LOS ANGELES — If one goes to Google on the Internet and types in the word “sex,” the first Web site listed is the place where about 60,000 adolescents a day go for their sex information, with the kinds of questions they are not likely to want to ask their parents.
The site is called Sex, Etc., and it is written by adolescents, under the supervision of experts at Rutgers University.
Sex, Etc. started as a newsletter in 1994, and 2.2 million copies of the newsletter are still distributed annually. But, because some of the topics touched on have included masturbation, lesbianism, and even French kissing, the newsletter has been banned by some school districts, which is one of the reasons why the Web site was started.
And, it is on the Internet that Sex, Etc. is now having its biggest impact, Nora Gelperin said at the annual meeting of the Society for Adolescent Medicine.
The number of daily visitors to the Sex, Etc. Web site has grown from an average of a little more than 10,000 a day in December 2002 to an average 60,000 a day now, 70% of whom are individuals aged younger than 21 years.
The fact that so many young people turn to this source is evidence of its need, said Ms. Gelperin, director of training and education for the Network for Family Life Education at Rutgers, the State University of New Jersey, Piscataway.
Adolescents today live in a confusing culture, where sex is freely discussed, but much basic information is scarce. Sexual content appears on television, at the same time that an increasing number of school districts are adopting abstinence-only sex education programs, Ms. Gelperin said.
“Teachers aren't free to talk about anything more than the plumbing, and parents generally aren't saying anything at all,” Ms. Gelperin said.
According to one survey, 97% of persons 15–24 years of age have gone on the Internet for any reason, two-thirds have gone on the Internet for health information of any kind, and 4 of 10 who have searched out health information there have changed some kind of behavior as a result.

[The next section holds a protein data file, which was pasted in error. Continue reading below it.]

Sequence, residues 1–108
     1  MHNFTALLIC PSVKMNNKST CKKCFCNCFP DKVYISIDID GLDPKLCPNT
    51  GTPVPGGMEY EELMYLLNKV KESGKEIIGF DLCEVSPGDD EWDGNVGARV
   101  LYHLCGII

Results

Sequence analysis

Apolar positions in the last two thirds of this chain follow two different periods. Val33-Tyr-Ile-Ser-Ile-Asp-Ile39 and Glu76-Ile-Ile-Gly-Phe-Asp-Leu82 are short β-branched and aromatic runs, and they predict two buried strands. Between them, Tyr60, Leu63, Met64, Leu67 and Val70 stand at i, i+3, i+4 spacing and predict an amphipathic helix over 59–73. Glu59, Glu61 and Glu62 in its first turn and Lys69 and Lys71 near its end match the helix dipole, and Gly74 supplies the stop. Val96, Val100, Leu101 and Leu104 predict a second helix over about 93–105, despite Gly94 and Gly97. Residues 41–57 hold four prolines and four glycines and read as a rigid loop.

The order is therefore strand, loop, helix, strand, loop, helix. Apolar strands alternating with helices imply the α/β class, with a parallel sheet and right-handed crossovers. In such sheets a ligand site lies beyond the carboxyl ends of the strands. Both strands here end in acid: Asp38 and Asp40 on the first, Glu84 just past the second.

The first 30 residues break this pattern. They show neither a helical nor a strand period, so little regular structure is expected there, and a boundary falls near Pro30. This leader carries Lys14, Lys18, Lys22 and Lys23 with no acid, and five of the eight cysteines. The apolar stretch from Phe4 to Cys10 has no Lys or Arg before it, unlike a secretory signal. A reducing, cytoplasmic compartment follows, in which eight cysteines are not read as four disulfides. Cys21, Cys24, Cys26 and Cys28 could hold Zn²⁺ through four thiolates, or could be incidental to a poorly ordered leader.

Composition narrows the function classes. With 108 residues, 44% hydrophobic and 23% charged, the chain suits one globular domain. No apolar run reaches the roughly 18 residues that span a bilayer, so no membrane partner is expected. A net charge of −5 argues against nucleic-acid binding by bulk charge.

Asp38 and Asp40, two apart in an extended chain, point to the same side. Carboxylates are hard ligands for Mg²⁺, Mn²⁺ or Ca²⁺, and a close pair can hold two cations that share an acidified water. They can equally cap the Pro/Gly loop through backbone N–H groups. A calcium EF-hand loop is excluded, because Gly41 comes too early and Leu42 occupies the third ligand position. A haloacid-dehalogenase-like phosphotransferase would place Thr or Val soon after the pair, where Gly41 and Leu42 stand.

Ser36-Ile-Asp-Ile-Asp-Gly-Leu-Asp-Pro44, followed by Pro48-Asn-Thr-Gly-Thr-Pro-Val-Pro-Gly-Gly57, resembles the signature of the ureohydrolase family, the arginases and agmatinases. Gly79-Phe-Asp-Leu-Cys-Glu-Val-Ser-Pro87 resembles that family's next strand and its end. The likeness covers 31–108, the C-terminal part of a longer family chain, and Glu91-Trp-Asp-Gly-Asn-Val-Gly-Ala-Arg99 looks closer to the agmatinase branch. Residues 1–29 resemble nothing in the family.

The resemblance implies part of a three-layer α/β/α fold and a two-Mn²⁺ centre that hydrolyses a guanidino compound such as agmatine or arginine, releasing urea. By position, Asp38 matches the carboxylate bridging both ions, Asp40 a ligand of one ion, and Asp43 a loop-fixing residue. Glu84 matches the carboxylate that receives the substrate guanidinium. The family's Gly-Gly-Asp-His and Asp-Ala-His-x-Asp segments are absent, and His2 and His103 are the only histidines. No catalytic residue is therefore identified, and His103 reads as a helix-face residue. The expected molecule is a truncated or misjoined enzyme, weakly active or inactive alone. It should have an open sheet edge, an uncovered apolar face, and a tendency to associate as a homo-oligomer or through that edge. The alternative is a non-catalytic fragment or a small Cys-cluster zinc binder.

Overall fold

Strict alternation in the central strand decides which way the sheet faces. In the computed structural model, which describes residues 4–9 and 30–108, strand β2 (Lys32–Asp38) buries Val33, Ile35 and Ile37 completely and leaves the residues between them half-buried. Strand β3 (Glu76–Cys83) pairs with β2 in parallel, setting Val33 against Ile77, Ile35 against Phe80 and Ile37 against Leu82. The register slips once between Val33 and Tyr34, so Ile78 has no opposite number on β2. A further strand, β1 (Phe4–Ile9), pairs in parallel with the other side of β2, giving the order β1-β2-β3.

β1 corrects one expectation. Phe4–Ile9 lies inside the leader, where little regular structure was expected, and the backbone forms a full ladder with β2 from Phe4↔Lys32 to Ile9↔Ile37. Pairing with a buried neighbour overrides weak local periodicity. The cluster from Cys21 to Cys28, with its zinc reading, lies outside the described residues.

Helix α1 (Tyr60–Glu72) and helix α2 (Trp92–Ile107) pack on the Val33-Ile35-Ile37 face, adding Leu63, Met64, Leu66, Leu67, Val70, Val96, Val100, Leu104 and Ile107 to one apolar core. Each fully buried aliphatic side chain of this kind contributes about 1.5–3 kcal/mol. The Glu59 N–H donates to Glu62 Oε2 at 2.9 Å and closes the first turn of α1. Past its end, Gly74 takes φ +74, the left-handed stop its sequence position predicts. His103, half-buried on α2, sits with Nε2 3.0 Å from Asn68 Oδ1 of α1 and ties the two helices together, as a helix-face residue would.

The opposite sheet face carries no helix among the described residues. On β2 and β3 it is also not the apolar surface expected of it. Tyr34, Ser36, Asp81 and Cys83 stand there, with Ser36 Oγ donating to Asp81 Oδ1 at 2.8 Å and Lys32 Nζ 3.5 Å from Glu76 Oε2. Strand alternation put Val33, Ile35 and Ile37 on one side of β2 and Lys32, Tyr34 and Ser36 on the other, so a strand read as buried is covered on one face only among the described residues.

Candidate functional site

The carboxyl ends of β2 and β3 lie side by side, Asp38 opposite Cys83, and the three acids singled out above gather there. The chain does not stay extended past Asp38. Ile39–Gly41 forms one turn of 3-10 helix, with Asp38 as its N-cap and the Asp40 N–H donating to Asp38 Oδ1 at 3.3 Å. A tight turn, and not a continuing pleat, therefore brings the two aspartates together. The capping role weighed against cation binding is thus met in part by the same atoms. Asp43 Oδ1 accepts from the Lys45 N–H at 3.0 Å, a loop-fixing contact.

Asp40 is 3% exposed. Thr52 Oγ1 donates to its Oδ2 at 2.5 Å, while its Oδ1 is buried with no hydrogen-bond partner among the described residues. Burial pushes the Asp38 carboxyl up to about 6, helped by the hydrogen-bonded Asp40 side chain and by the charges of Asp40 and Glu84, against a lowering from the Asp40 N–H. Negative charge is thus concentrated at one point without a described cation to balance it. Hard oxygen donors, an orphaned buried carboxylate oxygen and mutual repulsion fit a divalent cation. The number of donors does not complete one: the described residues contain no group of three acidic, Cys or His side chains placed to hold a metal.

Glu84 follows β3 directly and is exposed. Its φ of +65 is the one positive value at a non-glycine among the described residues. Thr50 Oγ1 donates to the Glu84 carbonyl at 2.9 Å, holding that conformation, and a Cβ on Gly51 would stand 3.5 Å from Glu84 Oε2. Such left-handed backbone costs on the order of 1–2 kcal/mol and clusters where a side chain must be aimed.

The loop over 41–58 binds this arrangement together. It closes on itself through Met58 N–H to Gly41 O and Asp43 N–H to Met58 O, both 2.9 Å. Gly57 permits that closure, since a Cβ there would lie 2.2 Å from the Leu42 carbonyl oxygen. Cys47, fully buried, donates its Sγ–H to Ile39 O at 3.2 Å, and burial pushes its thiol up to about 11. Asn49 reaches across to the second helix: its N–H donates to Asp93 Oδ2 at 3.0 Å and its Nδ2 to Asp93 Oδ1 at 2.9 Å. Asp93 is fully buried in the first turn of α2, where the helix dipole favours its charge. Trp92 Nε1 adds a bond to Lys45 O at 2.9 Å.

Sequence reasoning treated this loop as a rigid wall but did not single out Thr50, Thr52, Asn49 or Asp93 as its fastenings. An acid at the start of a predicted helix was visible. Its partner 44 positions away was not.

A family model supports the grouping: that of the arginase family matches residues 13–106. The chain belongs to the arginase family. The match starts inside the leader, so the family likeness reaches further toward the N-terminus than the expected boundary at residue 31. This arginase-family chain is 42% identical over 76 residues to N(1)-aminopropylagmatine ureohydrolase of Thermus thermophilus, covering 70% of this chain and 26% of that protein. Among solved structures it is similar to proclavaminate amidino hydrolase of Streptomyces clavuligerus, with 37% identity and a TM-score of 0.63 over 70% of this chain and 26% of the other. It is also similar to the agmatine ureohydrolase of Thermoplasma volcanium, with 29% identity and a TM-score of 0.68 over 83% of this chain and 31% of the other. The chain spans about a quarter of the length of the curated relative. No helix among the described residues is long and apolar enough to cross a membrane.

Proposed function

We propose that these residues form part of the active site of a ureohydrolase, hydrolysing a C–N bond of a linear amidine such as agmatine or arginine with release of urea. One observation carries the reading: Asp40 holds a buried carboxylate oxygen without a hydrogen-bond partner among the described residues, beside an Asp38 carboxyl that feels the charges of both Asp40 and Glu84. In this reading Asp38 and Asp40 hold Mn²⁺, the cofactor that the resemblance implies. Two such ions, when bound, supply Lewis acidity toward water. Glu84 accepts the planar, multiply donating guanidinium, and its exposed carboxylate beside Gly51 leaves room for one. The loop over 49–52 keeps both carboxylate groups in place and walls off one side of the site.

Currently, the Web site has more than 200 teen-written articles online, more than 250 frequently asked-questions and answers, and a glossary of about 440 different terms, ranging from “areola” and “vulva” to “choad” and “smash” (choad is slang for a penis that is wider than it is long and smash is slang for sex). There are interactive diagrams of male and female anatomy, and also an “ask-the-experts” service, for which questions are answered within 72 hours, and a “help-now” service for crisis questions, which are answered in 24 hours.
According to the Web site records, the most frequently asked questions by males are about masturbation and penis size. The most frequently asked questions by females are about “can I get pregnant if …” and painful sex. Questions asked have included whether it is normal to shave one's pubic area and whether it is true that the yellow dye in Mountain Dew soda pop kills sperm.
Females ask about twice as many questions as males, and the average age of those who submit questions is 16 years, the records indicate.
Although the ask-the-experts questions are not answered by adolescents, most of the rest of the content in the newsletter and on the Web site is written by teens, and that is something the Rutgers administrators consider very important because adolescents listen to each other differently from the way they listen to adults, Ms. Gelperin said.
Anyone who visits the site cannot help but notice the Rutgers logo on the home page, and that is what gives the site credibility in the visitors' minds, she said.